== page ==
“In some areas, our producers will have to rely on research from other states,” said Mike Gray, a University of Illinois interim assistant dean and Extension coordinator. In fact, Illinois has been shedding Extension researchers for decades. It had 100 in 1980; today there are only 30.

Busted budgets have hit some states harder than others. Michigan was in such bad shape a couple of years ago that there were serious discussions about eliminating Extension altogether.

Last winter the University of Georgia Board of Regents proposed closing half its Extension offices and eliminating the 4-H program.

Louisiana State University Ag Center Chancellor Bill Richardson complained last summer that budget cuts of 39 percent to Louisiana’s system “will put us back to the 1970s and ’80s, without an adjustment for inflation.”

For some, these cuts to Extension simply represent fiscal responsibility. For others, the decision to slash Extension is penny-wise and pound-foolish.

“The Extension system in this country has been the envy of people around the world. I hate what is happening to it,” said Alison Robertson, a native of Zimbabwe. She is an Iowa State University Extension field crops pathologist and assistant professor who gravitated to Extension because “I wanted the opportunity to help farmers.”

The university Extension system began as an experiment almost a century ago. The idea was to bring the scientific knowledge of land-grant colleges to American farmers. Through World War I, the Dust Bowl and the Green Revolution, Extension changed with the times – mules to tractors, hand-hoeing to self-propelled sprayers, saved seed to biotechnology.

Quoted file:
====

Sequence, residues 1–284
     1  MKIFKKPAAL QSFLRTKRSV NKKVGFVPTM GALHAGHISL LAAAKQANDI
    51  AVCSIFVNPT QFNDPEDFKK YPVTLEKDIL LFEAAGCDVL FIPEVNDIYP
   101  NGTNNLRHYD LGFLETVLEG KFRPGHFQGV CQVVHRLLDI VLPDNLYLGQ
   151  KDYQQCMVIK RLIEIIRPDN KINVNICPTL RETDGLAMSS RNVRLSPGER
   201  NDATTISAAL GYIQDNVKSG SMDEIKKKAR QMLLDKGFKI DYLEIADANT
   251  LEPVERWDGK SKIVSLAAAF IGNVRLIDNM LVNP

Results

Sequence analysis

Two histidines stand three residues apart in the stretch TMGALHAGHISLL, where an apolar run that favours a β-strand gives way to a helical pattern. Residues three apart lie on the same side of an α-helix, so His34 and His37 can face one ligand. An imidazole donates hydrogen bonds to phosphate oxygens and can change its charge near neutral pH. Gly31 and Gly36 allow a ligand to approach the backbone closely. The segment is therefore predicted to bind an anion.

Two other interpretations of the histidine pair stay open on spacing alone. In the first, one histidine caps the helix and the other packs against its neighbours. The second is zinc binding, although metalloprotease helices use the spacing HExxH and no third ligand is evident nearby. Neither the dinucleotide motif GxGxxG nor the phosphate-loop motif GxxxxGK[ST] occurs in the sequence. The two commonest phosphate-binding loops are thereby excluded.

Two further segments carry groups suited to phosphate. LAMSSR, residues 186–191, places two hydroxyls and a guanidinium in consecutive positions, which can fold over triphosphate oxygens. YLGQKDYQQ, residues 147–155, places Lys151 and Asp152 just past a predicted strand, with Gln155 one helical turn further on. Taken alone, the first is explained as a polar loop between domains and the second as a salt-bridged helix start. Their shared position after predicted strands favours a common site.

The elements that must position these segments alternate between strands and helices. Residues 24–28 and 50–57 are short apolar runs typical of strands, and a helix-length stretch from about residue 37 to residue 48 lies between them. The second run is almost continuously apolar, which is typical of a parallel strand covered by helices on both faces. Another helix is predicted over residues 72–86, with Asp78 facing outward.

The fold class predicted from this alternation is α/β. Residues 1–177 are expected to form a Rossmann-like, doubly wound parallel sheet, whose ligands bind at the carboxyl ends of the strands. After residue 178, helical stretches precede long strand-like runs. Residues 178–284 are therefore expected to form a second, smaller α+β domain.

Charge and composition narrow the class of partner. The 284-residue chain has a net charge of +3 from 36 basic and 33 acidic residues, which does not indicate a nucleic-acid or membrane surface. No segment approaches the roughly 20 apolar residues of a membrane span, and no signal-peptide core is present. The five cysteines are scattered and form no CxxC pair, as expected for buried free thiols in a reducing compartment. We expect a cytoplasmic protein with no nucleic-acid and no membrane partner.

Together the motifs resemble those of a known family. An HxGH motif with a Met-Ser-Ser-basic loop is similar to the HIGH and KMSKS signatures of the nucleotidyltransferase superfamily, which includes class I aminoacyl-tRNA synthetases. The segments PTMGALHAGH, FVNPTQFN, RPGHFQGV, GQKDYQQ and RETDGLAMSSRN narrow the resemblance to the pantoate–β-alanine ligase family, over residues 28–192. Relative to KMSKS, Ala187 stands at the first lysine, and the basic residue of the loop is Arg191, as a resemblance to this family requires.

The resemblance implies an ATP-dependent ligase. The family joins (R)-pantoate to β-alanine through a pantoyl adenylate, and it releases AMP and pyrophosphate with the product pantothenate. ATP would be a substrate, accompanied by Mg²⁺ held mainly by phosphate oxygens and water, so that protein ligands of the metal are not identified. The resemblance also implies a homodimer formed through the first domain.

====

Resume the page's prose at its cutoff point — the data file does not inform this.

To keep up, it created a three-legged structure: research, education and family living, which includes 4-H. But lately critics contend Extension has outlived its usefulness, and legislators with sharp budget knives see it as ripe for trimming. DTN/The Progressive Farmer asked farmers, private industry and Extension to assess the system’s relevance as it approaches its 100th anniversary.

Ask three farmers about Extension’s value to them and you are likely to get three widely different answers:

Michigan farmer Brian Nunemaker: “I haven’t been in a county Extension office in years. I couldn’t even tell you who my county agent is.”

Michigan dairy and crop farmer Doug Bloom: “My dairy specialist has been very valuable to us. But so much depends on who that person [Extension agent] is. If he or she is aggressive and gets out and works with us, he can be useful. But so many of them are content to sit at a desk and wait for retirement.”

(Of course, the same could be said of many in private industry. But Bloom’s comment confirms a negative stereotype throughout the countryside.)